A rapid growth in the demand for virtual platforms to operate various meetings is evident today. One such platform during the ongoing pandemic is “JioMeet” and another is “GoogleMeet”. However, JioMeet has witnessed legal controversies from the day it was launched, not only for the privacy issues but also for being potentially infringing. It was reported that the Graphical User Interface (GUI) of the “JioMeet” is substantially similar to its competitor “Zoom”.
In India, GUI is a protectable subject matter under the Designs Act, 2000 and theoretically under the Copyright Act, 1957. Accordingly, it could be argued that the GUI used by JioMeet could possibly violate Zoom’s GUI.
Nevertheless, the question that needs to be answered is whether a “GUI” is capable of design protection under the Designs Act, 2000?
Moving ahead, the Indian perspective on GUI protection appears unclear. For example, Amazon’s application for a GUI was refused by the CGPDTM and was held that since “a GUI is not an ‘árticle of manufacture’ and is not physically accessible, it cannot be called an ‘article’ under section 2(a) of the Designs Act”. On the contrary, GUIs have been given protection in India under Class 14-04 which deals with “screen displays and icons” such as a ‘Monitor with GUI’ registered in 2015, a ‘Mobile Phone’ registered in 2016, and a ‘Display Screen with Graphical User Interface’ registered in 2014.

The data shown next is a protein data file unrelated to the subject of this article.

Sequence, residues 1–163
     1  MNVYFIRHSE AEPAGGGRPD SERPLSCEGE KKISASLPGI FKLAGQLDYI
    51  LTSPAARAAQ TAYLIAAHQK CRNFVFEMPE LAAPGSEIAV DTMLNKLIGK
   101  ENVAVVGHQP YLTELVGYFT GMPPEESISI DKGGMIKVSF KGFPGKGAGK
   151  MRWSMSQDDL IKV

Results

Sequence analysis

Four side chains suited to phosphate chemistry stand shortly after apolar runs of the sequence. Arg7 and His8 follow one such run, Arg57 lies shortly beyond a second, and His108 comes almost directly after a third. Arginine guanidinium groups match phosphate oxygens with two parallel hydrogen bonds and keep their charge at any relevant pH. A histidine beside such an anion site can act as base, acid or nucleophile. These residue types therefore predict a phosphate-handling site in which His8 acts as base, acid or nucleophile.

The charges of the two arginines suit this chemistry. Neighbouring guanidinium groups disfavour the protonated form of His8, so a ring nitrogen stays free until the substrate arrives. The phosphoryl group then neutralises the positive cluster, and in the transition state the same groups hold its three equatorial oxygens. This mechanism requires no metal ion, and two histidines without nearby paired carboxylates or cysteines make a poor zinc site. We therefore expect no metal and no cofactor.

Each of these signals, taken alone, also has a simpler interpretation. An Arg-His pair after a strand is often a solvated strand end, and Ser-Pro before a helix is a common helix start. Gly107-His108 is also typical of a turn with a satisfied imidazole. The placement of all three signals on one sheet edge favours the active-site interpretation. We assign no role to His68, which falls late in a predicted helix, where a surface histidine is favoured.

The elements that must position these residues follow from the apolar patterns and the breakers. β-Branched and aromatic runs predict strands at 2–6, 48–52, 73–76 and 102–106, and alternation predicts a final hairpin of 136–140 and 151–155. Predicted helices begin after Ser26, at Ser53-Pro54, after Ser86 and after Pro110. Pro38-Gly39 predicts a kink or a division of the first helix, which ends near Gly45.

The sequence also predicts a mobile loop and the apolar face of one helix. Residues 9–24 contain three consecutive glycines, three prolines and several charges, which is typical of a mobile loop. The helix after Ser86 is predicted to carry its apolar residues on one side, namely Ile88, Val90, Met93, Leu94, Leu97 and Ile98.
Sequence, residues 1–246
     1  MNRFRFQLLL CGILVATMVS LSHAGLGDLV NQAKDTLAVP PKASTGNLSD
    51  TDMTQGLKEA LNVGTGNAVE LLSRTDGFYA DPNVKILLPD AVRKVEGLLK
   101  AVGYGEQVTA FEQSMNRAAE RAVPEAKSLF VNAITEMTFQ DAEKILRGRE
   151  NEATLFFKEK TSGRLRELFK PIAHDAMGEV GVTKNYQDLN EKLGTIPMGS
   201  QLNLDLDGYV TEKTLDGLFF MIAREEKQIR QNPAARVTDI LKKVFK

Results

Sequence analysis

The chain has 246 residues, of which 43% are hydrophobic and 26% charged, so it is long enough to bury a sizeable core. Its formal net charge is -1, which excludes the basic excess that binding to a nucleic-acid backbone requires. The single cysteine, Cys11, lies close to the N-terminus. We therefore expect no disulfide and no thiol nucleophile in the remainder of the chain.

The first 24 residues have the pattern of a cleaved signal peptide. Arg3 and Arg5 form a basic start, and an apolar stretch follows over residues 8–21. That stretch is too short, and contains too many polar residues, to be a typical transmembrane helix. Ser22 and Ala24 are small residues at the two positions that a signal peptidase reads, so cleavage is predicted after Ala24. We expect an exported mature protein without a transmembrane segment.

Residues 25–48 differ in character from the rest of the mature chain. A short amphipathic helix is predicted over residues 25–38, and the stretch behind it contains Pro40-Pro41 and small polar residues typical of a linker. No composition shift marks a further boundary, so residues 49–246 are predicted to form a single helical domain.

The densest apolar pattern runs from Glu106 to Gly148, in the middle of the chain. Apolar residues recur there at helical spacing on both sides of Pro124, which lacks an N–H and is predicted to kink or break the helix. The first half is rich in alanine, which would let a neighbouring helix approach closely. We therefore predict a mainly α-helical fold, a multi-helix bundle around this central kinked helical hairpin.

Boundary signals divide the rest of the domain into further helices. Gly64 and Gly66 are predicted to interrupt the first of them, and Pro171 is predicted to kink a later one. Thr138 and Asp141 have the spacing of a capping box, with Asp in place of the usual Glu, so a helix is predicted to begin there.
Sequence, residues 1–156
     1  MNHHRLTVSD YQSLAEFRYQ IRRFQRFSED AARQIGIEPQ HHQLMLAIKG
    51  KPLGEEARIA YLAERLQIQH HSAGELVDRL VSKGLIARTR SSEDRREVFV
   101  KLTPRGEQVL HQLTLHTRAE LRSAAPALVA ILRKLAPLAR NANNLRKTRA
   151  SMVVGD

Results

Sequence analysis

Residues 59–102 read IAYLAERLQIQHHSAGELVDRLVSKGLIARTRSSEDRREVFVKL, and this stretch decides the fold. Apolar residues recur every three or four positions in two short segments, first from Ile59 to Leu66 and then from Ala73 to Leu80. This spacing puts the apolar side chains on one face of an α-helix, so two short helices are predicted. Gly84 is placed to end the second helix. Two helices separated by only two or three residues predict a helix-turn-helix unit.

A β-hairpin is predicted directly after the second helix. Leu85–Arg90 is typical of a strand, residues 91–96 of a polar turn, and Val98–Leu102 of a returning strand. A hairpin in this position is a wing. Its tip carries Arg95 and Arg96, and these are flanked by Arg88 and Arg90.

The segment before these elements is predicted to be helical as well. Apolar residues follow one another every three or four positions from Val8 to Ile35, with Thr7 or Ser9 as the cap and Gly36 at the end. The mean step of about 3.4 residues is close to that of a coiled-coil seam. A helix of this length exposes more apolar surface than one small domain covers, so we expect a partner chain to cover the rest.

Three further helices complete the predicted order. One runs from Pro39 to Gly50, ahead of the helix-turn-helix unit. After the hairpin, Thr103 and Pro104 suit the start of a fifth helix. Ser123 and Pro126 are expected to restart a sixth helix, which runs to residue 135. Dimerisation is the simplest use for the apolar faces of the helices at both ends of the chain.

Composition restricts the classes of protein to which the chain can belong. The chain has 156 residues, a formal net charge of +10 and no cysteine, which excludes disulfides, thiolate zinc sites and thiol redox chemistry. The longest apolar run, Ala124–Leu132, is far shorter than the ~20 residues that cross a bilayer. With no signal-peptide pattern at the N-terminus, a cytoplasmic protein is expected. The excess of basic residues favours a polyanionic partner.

- Whether there is a need to re-interpret the Designs Act, 2000 and to derive the legislative intent with respect to the definition of an “article” under the Act?
Examples of some registered GUI in India: